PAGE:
From the Archives: The Hard Way

Archives Door_0The following blog is from 2008, maybe a year or two after I took a little leap and moved on from a theater company I called home. I found this blog interesting mostly because, eight years later, I find myself once again evolving, evaluating my experiences and learning from them. And many of the things I struggle with now are rooted in the same places as these three items. They’ve manifested themselves a little differently, but at their core, they are the same.

I still hold that all three of these are true for me, although I’d qualify: They are lessons I learn over and over again – but hopefully with more nuance and understanding each time I’m forced to learn it. I have changed so much as an artist and a human. But I’ve also become more like myself. . .

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THE HARD WAY – MARCH 29, 2008.

Simon over at The Next Stage  has sent this meme over to me in which I must speak about three things I learned the hard way.  So, here are mine, such as they are:

  1. The biggest one for me– and it is a continual battle– is to “Beware of Muddle”.  

When directing or designing, I really have to work hard at keeping my vision clear, not letting other demands cloud it up. There have been two productions on which I’ve pulled double duty (as both director & actor or designer & stage manager).  While in both of those cases, the final product was fine– even exceptional on some scores– the split focus majorly impeded my leadership and threatened to derail a number of very important working relationships.  Frankly, it’s a miracle those shows survived as well as they did.

  1. Beware of Precious.

I have an earlier post on being aware of staging or playing things so that they’re beautiful but lifeless.  It also applies to the unwillingness of many directors to EDIT or SIMPLIFY their shows.  Early in my theatrical life, I worked with a lovely and talented director who, unfortunately, was simply unwilling to keep things simple and edit things out.  Once they had an idea for the show, it was in.  And it didn’t matter if it wasn’t materialized until final dress, cutting it was not an option.  As her stage manager, this is intensely frustrating.  Moreso because I knew that the life of the show was weighed down by the inability to edit and the safety of the actors was compromised by last minute additions.  There is a difference between the very precious ideas as they exist in our heads and the form they take on the stage.  A good director can’t feel that any element is beyond question.  In fact, every element of a production needs to be questioned, questioned, and questioned again to prove its fruitfulness for the story.  Having stage managed bloated productions for ten years, I can honestly say I came from the school of hard knocks on this one. Beware of precious. Be willing to kill your darlings.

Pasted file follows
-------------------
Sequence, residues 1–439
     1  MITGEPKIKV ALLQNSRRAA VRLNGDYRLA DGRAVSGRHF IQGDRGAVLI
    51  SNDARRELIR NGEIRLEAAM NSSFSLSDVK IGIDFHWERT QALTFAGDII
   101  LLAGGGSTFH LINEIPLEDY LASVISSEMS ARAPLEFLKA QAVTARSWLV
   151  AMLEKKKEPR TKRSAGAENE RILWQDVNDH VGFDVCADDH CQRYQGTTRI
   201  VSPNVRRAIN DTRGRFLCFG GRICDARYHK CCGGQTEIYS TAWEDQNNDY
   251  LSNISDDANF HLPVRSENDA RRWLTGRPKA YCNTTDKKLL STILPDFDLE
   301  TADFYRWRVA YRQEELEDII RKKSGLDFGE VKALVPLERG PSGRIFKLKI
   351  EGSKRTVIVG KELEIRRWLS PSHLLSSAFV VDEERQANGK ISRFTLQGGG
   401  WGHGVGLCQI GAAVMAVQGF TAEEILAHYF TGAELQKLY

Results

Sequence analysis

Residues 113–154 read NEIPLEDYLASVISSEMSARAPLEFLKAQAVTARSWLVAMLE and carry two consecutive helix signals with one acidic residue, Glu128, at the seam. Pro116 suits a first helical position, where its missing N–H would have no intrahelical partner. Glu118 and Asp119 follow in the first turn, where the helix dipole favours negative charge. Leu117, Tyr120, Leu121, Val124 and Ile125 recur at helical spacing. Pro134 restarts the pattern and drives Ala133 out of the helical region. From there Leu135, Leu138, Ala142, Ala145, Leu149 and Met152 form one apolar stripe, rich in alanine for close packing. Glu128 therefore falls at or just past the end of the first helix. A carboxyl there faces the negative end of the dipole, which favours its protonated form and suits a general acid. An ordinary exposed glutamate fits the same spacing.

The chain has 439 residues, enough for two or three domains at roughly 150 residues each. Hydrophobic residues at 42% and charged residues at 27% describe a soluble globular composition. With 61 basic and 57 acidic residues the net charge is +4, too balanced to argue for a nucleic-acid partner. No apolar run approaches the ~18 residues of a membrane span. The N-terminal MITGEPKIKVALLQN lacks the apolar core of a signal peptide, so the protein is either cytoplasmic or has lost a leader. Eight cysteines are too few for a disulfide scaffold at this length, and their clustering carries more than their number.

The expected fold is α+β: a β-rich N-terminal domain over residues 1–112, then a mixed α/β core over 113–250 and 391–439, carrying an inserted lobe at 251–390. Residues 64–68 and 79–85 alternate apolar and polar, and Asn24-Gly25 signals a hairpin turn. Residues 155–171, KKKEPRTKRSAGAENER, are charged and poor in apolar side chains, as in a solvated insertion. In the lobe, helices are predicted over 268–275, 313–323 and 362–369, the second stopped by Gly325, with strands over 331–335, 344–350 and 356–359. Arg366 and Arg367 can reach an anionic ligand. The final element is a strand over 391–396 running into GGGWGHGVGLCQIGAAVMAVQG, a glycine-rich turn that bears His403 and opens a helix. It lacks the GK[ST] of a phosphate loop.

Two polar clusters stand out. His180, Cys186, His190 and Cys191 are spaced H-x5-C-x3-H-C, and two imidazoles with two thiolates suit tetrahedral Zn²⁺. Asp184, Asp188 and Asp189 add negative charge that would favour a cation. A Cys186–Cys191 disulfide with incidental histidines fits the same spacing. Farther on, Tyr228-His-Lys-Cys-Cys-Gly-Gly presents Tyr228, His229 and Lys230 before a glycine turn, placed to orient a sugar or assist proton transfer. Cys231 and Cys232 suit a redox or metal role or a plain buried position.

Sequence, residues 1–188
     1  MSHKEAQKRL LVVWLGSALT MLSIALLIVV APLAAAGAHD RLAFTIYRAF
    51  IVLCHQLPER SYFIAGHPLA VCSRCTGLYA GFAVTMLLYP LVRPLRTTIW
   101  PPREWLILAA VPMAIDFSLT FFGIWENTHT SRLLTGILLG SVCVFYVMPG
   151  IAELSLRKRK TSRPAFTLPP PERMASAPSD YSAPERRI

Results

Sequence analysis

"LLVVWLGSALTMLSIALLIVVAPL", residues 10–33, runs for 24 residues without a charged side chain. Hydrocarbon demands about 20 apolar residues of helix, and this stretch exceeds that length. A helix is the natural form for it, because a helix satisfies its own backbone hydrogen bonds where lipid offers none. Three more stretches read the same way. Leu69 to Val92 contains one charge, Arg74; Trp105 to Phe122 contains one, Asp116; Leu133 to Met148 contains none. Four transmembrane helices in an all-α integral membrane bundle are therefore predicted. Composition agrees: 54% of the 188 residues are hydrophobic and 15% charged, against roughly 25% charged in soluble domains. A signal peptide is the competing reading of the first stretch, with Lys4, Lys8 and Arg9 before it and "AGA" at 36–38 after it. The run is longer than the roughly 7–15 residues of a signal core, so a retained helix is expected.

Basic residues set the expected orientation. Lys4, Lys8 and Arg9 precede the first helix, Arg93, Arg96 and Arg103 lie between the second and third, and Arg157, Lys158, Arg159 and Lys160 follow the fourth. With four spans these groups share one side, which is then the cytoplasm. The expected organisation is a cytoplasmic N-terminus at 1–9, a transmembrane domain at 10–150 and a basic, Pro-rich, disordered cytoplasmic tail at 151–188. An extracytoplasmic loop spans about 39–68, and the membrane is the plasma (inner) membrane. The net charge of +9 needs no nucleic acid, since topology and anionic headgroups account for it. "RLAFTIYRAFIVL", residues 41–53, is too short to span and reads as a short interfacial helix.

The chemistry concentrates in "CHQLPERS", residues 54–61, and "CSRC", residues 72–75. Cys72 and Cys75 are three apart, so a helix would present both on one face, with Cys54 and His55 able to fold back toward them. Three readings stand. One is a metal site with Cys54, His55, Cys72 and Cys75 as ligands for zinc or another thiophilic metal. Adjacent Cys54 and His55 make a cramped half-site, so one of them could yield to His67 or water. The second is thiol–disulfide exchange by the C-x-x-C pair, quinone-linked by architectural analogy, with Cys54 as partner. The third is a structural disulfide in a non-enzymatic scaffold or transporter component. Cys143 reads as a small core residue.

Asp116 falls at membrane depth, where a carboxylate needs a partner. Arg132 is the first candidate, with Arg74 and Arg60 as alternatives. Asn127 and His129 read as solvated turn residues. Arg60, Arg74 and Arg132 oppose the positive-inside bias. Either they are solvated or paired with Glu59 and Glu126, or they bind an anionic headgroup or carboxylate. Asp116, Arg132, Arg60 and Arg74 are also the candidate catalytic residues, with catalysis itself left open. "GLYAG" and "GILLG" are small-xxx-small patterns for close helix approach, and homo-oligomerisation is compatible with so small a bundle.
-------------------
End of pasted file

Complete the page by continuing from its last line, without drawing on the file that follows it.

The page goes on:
1.  Beware of Expectations

My mother has said since I was a child, “Beware of having too many expectations.  You’re sure to be disappointed.”  I think that just until these last three years or so, I had expectations that if I did good work, people would automatically appreciate it.  I expected that if I was “easy to work with and accommodating” people would appreciate and reward ME.  And I expected that everyone would come to understand my work. I expected to be given consideration.

I can honestly say I’ve been disappointed on all counts.  

Most of the people in the theatre community are not going to sing your praises if you’re doing good or challenging or forward-thinking work.  They’re going to feel a tad nervous, possibly threatened.  Some will get over it and acknowledge its worthiness, but probably only grudgingly.  (And I have to say that I am guilty of this point, which is why I started writing reviews – to force myself to acknowledge good work as well as bad).  But still, most of the theatrical community and audiences will pat you on the back, say “good job”, and then proceed to rave about and publicly acknowledge the most mediocre of work.  So don’t expect anything different.  It’ll save a lot of frustration in the end. Find the real reason to create the art, have high expectations for the work itself, and try to moderate your expectations for everything else.

So, I guess that’s my top three.  There are certainly others and there will be more to come, I’m sure.  In the words of Shannon McNally:  “I never learn nuthin’ but the hard way, cuz at the time it felt SO good.”

From the Archives: As I'm going through some old blogs from well over five years ago, I'll post a few from time to time.
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